That last sentence feels odd because, before 2013, Phegley posted OPS marks of .693 and .680 at Charlotte. Suddenly, he went from being a 12-14 home run guy to a 25-30 home run guy. It's often noted by talent evaluators that catchers tend to bloom later than other position players -- just look at Stephen Vogt!
It makes sense. Not only is it the toughest position to play physically, but catching also requires tons of technical skill. Unlike other position players, they spend a tremendous amount of time studying lineups and working with their pitchers -- a legitimate road block to spending that time on your swing and becoming an offensive juggernaut.
He doesn't have a platoon split. Really?
Let's look at the numbers from 2014:
vs. LHP: 148 PA, .267/.311/.511, 7 HR, .822 OPS
vs. RHP: 319 PA, .278/.341/.539, 16 HR, .880 OPS
We've already established that he doesn't walk much, and now we can see he's not a great platoon candidate either. If you're confused, I'm right there with you. One of the "warts" we're accustomed to with players that find themselves in Oakland is a massive platoon split. Phegley looks like an average-ish everyday player, yet it remains to be seen what kind of role that lands him in. Of course, all he needs in order to serve as a worthwhile platoon-mate with Jaso and/or Vogt is to hit lefties better than they do, and considering how low they've set that bar Phegley could still fill the role even without big splits of his own.
It's possible the A's see something in Phegley they think will allow him to be a capable major league catcher. Or, maybe they just think he's passable and he was more or less a throw-in stopgap that allowed them to cash in on Derek Norris' All-Star season without being left short-handed in 2015.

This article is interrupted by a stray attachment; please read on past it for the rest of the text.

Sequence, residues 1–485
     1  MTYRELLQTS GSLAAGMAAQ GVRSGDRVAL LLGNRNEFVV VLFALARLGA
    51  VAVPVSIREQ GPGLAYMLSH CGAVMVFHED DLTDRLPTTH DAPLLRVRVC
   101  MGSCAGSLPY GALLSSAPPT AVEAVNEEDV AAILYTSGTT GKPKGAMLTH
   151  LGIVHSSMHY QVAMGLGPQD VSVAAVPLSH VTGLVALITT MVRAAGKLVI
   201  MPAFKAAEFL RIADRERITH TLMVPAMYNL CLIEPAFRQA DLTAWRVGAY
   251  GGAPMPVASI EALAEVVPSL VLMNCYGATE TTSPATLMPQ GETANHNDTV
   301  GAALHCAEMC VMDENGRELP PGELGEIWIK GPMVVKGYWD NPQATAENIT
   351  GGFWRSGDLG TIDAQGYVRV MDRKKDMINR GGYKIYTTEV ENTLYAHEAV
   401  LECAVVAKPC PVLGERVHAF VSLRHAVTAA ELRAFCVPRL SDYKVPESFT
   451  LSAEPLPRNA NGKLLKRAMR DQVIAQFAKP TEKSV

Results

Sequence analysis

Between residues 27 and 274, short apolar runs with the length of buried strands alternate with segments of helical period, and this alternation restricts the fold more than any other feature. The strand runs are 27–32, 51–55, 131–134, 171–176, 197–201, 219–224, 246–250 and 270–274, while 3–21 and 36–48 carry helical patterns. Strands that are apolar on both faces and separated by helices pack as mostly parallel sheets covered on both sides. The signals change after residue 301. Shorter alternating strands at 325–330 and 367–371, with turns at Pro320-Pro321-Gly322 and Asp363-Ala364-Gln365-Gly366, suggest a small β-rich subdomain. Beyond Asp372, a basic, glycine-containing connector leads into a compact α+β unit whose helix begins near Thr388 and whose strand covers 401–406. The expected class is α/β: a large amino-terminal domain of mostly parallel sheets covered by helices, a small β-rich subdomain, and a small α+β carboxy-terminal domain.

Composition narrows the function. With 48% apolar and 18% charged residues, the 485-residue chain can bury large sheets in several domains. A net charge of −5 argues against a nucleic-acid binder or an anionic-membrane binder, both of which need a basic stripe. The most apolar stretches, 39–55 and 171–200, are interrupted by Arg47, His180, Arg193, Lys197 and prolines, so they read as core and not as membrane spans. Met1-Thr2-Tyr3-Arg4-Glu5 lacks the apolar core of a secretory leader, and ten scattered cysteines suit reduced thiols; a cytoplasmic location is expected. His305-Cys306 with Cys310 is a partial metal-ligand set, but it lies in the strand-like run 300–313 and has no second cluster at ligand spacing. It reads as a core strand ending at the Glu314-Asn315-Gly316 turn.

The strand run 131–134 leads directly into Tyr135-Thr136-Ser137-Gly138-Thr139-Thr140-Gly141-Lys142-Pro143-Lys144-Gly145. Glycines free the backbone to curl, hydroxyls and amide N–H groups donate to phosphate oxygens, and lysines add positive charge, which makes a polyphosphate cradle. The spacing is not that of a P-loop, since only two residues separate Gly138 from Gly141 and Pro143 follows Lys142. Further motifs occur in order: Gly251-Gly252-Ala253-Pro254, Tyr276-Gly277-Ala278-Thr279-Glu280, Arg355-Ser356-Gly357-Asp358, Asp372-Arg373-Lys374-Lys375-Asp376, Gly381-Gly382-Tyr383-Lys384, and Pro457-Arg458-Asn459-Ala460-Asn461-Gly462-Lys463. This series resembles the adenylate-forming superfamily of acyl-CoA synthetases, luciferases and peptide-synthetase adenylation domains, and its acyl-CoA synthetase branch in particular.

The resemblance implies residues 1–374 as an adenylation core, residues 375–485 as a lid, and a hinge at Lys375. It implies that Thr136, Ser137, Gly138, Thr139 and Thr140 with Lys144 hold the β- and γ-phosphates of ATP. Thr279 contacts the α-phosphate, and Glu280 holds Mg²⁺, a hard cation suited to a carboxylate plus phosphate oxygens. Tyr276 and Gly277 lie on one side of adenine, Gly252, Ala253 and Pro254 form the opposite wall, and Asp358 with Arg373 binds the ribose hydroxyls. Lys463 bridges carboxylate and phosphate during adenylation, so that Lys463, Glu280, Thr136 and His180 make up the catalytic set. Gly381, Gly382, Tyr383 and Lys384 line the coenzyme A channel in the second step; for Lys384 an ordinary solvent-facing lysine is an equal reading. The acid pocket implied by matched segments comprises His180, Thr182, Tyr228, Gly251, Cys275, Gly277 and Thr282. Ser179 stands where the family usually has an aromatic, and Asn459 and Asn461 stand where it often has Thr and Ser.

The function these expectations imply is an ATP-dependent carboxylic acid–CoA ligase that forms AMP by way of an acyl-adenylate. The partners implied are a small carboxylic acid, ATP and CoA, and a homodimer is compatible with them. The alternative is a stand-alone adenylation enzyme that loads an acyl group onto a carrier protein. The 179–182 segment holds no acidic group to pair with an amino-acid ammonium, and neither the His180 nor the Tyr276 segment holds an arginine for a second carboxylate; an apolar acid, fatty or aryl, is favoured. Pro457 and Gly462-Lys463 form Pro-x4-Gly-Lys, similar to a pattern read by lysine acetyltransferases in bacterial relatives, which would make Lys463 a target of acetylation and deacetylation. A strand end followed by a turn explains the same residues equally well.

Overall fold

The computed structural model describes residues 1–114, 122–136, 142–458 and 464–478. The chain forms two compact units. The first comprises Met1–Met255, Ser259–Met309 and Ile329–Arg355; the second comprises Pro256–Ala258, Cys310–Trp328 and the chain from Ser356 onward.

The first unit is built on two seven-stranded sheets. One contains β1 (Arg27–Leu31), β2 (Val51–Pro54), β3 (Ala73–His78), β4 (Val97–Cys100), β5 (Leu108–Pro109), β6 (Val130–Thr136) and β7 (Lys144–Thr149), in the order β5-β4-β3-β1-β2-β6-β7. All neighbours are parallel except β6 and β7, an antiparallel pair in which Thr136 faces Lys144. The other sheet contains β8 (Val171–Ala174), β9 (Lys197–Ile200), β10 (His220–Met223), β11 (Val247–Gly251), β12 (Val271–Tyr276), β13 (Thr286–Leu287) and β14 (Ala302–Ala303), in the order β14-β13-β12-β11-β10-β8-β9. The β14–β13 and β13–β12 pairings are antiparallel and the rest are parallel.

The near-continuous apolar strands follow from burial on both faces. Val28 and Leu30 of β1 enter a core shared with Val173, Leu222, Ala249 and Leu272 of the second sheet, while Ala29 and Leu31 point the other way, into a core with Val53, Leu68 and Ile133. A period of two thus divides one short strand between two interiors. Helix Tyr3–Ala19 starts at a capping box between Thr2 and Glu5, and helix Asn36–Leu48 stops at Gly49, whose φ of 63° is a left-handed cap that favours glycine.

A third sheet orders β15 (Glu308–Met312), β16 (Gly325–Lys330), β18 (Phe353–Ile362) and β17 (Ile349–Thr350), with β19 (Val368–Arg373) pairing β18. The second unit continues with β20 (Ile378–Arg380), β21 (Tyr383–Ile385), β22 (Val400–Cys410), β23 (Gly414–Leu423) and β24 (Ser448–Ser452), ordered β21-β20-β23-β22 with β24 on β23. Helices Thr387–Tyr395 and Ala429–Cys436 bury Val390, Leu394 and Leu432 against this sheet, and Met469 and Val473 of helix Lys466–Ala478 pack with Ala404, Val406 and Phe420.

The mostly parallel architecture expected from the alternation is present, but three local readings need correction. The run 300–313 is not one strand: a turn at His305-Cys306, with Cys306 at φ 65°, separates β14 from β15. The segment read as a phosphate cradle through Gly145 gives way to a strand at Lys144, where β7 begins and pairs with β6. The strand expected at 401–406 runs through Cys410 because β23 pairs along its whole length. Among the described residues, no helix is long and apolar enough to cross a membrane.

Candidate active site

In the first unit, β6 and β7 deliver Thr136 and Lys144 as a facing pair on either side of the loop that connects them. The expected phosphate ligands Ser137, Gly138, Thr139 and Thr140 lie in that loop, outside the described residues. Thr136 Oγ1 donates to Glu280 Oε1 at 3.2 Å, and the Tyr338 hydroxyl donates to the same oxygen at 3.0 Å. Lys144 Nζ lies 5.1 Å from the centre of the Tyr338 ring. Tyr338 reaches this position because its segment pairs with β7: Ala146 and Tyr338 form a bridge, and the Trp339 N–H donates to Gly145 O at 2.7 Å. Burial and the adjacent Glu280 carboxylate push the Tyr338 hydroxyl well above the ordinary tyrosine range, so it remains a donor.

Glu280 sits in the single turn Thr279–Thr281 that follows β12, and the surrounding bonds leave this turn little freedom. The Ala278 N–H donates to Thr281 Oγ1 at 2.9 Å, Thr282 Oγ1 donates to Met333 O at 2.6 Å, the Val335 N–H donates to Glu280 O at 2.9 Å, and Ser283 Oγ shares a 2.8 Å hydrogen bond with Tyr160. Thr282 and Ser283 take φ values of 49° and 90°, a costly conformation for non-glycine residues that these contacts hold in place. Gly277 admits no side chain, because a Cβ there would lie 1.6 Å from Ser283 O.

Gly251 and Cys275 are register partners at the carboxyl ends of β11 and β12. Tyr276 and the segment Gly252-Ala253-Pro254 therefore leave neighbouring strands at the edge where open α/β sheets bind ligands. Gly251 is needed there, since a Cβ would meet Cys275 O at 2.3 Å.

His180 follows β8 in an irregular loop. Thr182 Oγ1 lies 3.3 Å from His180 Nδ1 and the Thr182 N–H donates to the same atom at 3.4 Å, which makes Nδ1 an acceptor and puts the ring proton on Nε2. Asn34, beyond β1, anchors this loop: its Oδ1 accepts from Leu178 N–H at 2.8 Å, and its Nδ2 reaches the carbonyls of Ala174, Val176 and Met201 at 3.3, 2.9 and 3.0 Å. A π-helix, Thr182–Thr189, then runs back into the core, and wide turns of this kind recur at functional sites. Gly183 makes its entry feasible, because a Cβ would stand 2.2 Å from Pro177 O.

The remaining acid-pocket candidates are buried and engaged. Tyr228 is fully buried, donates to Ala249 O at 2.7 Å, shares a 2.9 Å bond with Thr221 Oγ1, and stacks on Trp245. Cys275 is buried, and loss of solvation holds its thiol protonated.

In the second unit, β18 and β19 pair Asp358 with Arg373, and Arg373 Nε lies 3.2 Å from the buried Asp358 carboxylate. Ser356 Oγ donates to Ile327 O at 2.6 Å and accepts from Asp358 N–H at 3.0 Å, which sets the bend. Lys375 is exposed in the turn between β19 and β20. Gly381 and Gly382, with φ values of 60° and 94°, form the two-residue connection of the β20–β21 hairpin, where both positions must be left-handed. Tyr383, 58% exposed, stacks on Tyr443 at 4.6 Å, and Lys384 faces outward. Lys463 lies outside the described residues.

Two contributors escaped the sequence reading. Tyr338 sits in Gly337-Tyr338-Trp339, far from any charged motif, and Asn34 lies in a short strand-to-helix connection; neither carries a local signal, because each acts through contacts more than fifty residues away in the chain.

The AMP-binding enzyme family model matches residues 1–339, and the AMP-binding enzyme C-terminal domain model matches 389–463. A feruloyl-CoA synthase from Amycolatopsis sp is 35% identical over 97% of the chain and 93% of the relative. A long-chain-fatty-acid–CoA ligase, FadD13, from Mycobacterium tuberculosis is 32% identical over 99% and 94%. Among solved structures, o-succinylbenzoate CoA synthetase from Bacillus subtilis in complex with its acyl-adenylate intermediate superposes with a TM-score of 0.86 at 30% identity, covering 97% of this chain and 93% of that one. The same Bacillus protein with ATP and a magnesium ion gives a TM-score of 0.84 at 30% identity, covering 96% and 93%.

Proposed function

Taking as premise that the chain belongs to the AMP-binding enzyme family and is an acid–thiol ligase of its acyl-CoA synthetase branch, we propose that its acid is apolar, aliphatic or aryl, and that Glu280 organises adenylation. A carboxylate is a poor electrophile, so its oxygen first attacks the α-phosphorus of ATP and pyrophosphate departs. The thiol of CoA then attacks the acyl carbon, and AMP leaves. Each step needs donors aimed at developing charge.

What about his defense?
The easiest thing to look at is his throwing arm. In the minors, 333 runners have attempted to steal against him and he's thrown out a whopping 47 percent of them. In the majors, he's 15-for-51, a caught-stealing rate of 29 percent.
Phegley's glove work also appears to be above-average. Baseball Prospectus, the only site with in-depth leaderboards for framing and blocking, estimates that Phegley's defensive skills have been worth roughly seven runs per 7,000 pitches received. Derek Norris, in contrast, cost the A's at least four runs in 2014, although that was due mostly to his abysmal blocking.
During a 2013 scouting trip, Fangraphs prospect analyst Mark Hulet confirmed Phegley's transition from bat-first catching prospect to solid defender, noting several improvements along with some minor criticism:
He showed soft hands and offered a quiet setup and target. I did think that he offered his target a little late at times and there were certain situations where he tipped location/pitches with the placement of his glove. Phegley moved well behind the plate and was quick to get down to block pitches. He nailed two base runners with accurate throws to second base.
He may not be Jonathan Lucroy or Yadier Molina, but it's safe to say he's a significant defensive upgrade over Derek Norris -- and John Jaso, which goes without saying.
Last summer I attended a Q&A with former Assistant GM Farhan Zaidi and asked him a bunch of questions about how the market values catchers. His answers were obvious, yet insightful nonetheless.
To paraphrase what he said, you can't have it all.
With catchers specifically, their ability to save runs with their gloves and create them with their bats is all firmly built into the market. In fact, it may have shifted to the point where teams are overpaying for a catcher's defensive acumen. A few years ago, it may have been that under-the-radar above-average defensive catchers were slipping between the cracks. That's no longer the case.
Just look at the $16.5 AAV contract Russell Martin signed this offseason. Martin is an average hitter with excellent receiving and game-calling skills. The Pirates got two years of him for $15 million total before Mike Fast's groundbreaking research on pitch-framing widely suffused the value of quiet hands throughout front offices across baseball. Unless you want to pay top-dollar for an all-around catcher, they're inevitably going to have warts.
Josh Phegley is not Derek Norris, but he can fill the same vague role as the right-handed catcher with power. He has his strengths (power, defense, arm) and his weaknesses (batting average, OBP, contact), but his upside is undeniable. He probably won't hit as much as Norris did, but maybe Billy Beane and the front office decided they wanted someone behind the plate who could throw out baserunners after watching Norris allow six of the Royals' seven stolen bases during the AL Wild Card game.